Features Overview

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The Wye Grist Mill

The Wye Mill is the oldest continuously operated grist mill in the United States, located at Wye Mills, Queen Anne's County and Talbot County, Maryland, United States. It is the earliest industrial site on the Eastern Shore in continuous use; dating to the late 17th century. It is a wood-frame, water-powered grist mill, with a 19th-century 26 HP 10-foot-diameterFitz steel overshot wheel. The mill retains nearly all of its late-18th-century equipment. The Wye Mill was one of the first grist mills to be automated with the Oliver Evans process, which is still in use today.

The Wye Mill was listed on the National Register of Historic Places in 1985.


The Tidewater Inn

Even after the fire’s hateful roar had faded, when the flames were long vanquished and black smoke had cleared from the smoldering ruins; even after the bay breezes had driven off the pungent scent of charred remains; even then, especially then, the fever dream-like shock of it all hung in the minds of the townspeople. For weeks and months many of them shuffled around like blinking storm survivors emerging into the light from underground shelters trying to absorb some lesser harsh reality. The Avon Hotel, whose advertising slogan was “Where Gracious Plenty Rules the Board” had stood on that corner in the center of that town for longer than most could remember for longer than many had lived. In fact, the hotel’s roots, on the corner of that charming Maryland town, dated back to 1712. Now, in the aftermath of the blazing inferno, the once stately wood structure was reduced to blackened timbers scattered among the gray heaps of cooling ash.

But in 1947, three years after the Avon was consumed by fire and in the midst of a post WWII building materials shortage when construction steel was expensive and hard to find, local businessman Arthur Johnson Grymes broke ground on a new hotel. In stepping forward when he did, Mr. Grymes not only restored a rich tradition of gracious Eastern Shore hospitality, he rebuilt one of the most iconic social, cultural, and architectural touchstones in the community’s history. Employing only the finest materials and methods like a one-foot thick re-bared cement floor, steel I-beam supports, colonial design inspired brick exterior, high ceilings, and fine interior appointments cost considerable time and money. But it also ensured that his treasured showcase was built to last. Then finally, on September 3, 1949, with more than 4,000 people in attendance, the Tidewater Inn, rising in the heart of Easton like a Phoenix from the ashes, celebrated its grand opening.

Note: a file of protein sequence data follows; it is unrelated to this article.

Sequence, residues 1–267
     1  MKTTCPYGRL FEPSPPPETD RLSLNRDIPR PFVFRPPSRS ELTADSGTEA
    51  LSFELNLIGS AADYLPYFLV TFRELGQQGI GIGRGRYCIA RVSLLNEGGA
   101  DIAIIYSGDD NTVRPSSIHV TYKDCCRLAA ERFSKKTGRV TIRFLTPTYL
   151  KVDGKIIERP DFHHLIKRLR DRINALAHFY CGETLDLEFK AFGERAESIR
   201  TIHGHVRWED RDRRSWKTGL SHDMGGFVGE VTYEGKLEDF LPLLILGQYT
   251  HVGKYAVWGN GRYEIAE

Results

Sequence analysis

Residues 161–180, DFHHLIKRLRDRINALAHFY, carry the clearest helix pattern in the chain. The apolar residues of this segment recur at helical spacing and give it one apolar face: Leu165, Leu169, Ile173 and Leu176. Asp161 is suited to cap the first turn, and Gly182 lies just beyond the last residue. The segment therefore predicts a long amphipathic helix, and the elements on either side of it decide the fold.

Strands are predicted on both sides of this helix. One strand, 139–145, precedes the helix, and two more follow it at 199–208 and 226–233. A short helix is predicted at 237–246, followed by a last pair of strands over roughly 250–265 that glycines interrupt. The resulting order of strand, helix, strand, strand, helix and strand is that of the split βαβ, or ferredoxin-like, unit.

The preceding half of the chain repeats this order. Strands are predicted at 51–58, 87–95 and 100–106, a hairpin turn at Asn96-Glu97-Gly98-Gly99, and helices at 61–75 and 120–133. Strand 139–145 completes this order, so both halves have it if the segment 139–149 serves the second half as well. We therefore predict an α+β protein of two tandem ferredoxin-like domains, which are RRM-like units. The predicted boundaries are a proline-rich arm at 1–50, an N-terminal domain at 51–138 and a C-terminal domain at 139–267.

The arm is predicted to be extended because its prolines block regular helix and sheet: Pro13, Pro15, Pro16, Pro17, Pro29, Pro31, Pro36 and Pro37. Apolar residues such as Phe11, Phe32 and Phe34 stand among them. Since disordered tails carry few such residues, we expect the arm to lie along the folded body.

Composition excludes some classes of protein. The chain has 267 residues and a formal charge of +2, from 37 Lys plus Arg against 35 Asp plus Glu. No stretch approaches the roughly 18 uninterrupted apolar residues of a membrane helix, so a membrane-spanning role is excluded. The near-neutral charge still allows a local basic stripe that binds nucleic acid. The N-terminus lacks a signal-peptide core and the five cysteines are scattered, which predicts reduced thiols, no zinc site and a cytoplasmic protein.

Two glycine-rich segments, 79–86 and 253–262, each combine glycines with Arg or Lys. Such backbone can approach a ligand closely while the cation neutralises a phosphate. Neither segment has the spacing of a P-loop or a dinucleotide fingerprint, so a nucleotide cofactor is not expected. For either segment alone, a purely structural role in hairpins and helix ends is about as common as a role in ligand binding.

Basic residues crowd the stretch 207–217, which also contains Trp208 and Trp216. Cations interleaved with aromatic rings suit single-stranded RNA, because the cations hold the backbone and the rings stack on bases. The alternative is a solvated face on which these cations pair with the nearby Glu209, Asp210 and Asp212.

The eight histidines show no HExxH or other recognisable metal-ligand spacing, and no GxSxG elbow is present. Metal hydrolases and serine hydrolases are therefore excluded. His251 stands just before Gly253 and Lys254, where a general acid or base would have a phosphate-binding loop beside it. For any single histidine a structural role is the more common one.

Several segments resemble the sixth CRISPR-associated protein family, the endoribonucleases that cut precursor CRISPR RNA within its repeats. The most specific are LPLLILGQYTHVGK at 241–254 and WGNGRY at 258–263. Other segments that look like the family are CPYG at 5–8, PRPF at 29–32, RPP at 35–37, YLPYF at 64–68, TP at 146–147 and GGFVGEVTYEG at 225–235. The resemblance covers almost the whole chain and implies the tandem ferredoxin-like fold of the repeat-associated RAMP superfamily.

Nestled in the bucolic setting of Maryland’s Eastern Shore, with its rich soil, abundant wildlife, and Chesapeake Bay vistas, The Tidewater Inn (and Avon Hotel before it) had always attracted more than its share of gentlemen hunters and genteel estate owners. Bird hunters would often arrive with dogs on leash and geese in hand after a successful day in the nearby fields and streams. Then, while the dogs were fed in a basement kennel, the hunters would shower and dress in their luxurious guest rooms before reconvening in the hotel’s restaurant for a fine meal: the catch of the day cleaned, cooked, and served by the kitchen staff under the expert guidance of the executive chef.


SmithIsland Cake

Many have tried to copy our famous cake.  An authentic Smith Island cakefeatures 8 to 14, individually baked thin layers. The most popular version features a cooked chocolate fudge icing. Other flavors such as banana, orange, fig and coconut are popular.  The cake can be made using a commercial cake mix but with unique additions such as condensed milk (a hold-over from the days before electricity and refrigeration).  This cake has been made by Island bakers for generations.

The cake is also baked as the feature prize for a local fundraising tradition called a cake walk which is a game played like musical chairs where donated cakes serve as the prize. Great attention is paid to the perfection of the layers and form of the cake. Before each round, the prize cake at stake is cut in half and shown to the players who pay to participate in the game. A poorly stacked cake may not attract many players and as a result, not raise as much money as a more perfectly executed cake.

On April 24, 2008, Smith Island cake was designated as the official dessert of the state of Maryland.